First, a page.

I was NOT disappointed. Toad was just as cantankerous and difficult as ever. Badger, Rat and Mole were just as supportive - just as memorable. Badger is unpredictable but protective (and sometimes mean). Mole is timid and shy. Rat is courageous and romantic. And who could ever forget those dreadful gun-toting weasels, ferrets and stoats glorying in their take-over of Toad Hall? Wind in the Willows is a true masterpiece of allegory with endless moral lessons disguised as a children's story. It is also a lesson in things long-forgotten... the glory of floating noiselessly down a river at dawn, past loosestrife, willowherb, bulrushes and meadowsweet. How many of us have even heard of these meadow plants, never mind seen them. But it doesn't matter, because it evokes nostalgia either for things long-forgotten or for things never-known.
At a child's level, Wind in the Willows is about friendship and about life in an imagined world centered around the river. At a less innocent level, Wind in the Willows draws many parallels with life, though Kenneth Grahame managed to avoid preaching his lessons. Not the least of Graham's parables is that 'the bigger they are, the harder they fall' because Toad is as egotistical and as self-important as they come until being thrown in jail for 'borrowing' a car.
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Format: Hardcover
Wind in the Willows is a longtime favorite of many people (and I just re-read it as an adult.) The story centers around the animal citizens of an English riverbank. Each animal has a different personality, from easy-going Mole to the wise and wiley Badger, the spoiling-for-a-fight Weasels and of course boastful Toad, the owner of splendid Toad Hall who has too much money and too little sense to know what to do with it. The education of Toad by his well-meaning friends is a good lesson. The battle for Toad Hall near the end of the book is also exciting.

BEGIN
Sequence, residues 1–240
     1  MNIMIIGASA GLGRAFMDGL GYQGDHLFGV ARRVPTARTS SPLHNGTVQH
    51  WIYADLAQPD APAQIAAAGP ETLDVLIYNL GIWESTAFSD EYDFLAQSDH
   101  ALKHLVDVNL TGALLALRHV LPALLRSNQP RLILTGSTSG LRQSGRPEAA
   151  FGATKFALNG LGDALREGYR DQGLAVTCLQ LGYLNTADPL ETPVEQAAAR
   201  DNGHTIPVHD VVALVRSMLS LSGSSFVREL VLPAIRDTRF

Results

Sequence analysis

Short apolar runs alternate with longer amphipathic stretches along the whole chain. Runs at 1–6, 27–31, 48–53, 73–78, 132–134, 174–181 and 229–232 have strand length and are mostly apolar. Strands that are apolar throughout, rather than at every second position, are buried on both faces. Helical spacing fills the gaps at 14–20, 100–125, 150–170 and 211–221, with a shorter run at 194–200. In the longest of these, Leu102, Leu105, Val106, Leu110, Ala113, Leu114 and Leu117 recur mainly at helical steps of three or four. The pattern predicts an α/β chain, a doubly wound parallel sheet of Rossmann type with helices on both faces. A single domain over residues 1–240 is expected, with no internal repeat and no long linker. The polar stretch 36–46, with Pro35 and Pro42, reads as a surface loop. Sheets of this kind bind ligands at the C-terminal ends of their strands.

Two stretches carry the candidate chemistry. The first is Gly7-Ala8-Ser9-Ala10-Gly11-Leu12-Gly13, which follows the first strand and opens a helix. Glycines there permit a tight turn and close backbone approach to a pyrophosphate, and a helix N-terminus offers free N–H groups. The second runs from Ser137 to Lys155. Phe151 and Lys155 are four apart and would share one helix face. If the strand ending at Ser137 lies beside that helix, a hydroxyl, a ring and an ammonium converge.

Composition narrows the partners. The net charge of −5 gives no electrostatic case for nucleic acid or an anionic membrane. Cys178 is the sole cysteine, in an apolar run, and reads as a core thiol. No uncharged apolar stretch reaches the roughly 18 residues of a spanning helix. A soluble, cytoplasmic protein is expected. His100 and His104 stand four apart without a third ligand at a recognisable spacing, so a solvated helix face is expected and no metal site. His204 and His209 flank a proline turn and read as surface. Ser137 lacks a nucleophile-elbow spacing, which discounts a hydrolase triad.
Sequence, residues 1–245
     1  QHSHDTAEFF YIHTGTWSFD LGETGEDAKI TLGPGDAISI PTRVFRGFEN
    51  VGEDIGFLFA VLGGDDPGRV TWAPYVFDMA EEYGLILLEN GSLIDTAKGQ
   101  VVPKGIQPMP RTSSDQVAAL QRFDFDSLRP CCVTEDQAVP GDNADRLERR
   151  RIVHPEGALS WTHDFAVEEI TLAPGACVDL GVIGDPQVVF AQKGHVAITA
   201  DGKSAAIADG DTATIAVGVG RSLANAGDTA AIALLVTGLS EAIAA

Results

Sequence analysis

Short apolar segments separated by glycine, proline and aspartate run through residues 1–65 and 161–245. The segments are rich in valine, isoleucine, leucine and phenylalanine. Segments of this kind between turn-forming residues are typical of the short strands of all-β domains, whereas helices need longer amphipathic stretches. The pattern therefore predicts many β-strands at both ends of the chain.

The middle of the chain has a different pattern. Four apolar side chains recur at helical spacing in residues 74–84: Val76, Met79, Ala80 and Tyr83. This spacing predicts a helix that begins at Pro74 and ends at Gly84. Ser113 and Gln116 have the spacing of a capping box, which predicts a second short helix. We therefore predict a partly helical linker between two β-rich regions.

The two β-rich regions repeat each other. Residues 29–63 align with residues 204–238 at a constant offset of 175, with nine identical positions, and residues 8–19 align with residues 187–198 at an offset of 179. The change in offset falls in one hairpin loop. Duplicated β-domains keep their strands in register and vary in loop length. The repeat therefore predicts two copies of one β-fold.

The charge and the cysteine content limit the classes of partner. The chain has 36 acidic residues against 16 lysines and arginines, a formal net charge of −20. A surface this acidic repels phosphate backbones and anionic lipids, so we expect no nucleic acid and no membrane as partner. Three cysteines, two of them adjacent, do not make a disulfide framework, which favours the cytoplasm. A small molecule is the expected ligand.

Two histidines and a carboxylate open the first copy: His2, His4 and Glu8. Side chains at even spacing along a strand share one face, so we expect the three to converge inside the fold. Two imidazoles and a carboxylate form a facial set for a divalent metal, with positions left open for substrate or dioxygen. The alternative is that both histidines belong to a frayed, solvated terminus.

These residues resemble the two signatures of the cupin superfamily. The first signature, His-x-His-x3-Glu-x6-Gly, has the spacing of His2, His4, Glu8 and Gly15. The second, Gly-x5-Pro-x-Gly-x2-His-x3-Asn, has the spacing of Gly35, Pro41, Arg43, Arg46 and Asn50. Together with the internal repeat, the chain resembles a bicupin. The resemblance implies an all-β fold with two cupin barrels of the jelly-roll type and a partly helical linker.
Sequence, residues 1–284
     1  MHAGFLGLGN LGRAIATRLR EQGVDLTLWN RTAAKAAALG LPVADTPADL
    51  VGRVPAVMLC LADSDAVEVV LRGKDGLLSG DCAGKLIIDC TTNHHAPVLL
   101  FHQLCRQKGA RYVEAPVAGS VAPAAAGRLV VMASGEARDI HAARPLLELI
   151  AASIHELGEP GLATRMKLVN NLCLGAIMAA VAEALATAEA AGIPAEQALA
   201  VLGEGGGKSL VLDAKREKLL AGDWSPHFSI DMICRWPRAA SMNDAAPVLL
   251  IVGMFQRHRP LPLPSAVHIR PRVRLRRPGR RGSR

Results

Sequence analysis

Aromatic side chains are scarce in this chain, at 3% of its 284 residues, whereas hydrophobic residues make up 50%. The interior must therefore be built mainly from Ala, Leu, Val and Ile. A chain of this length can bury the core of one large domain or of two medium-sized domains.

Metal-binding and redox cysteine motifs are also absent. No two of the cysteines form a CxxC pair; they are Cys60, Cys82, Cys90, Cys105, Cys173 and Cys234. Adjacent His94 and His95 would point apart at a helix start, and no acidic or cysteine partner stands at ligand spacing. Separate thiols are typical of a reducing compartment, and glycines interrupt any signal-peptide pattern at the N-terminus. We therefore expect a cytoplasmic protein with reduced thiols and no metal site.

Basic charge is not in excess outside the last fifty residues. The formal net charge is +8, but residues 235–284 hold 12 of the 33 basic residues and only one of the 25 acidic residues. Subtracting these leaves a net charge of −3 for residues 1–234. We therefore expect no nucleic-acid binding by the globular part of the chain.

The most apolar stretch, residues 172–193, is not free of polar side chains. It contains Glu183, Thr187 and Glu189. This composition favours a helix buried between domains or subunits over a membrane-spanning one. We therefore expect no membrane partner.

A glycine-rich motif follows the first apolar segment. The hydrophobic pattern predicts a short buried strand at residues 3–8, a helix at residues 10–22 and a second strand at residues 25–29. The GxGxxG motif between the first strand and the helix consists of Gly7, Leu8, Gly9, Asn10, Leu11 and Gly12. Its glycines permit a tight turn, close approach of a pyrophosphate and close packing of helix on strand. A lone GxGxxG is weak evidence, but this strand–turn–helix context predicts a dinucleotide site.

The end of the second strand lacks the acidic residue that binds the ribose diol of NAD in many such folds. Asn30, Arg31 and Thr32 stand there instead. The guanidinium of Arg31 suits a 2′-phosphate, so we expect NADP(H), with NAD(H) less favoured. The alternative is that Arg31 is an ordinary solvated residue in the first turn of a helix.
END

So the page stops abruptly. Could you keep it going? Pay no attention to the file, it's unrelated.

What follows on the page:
The content is entirely suitable for kids. The prose is a pleasure to read out loud and creates such pictures in one's imagination. And it's funny, too (the scene where Toad is nearly struck down by a car, which he has never seen before, and decides he MUST have one is absolutely hysterical.)

If you are starting a reading-out-loud program at home, this should be at the top of your list. I'd also add Swiss Family Robinson to that list. I have wonderful memories of my teachers and parents reading these books to me. Why not give your kids the same lasting delight in good literature, reading and family fun.

Note: suitable for grades 4-8 and the writing is somewhat complex, so some 4th graders will find it a rough go.
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Format: Kindle Edition Verified Purchase
"The Wind in the Willows" remains a masterpiece, with adventures and talking animals to appeal to the kiddies, and lyrical descriptions and dry humor for their parents - but this edition is missing not only Ernest Shepard's evocative (and, some would say, essential) drawings, but every last one of the songs - and that really eviscerates the book. I don't know if the other versions available for Kindle have the entire book, but it would be worth paying something to get the real thing instead of just a part of it.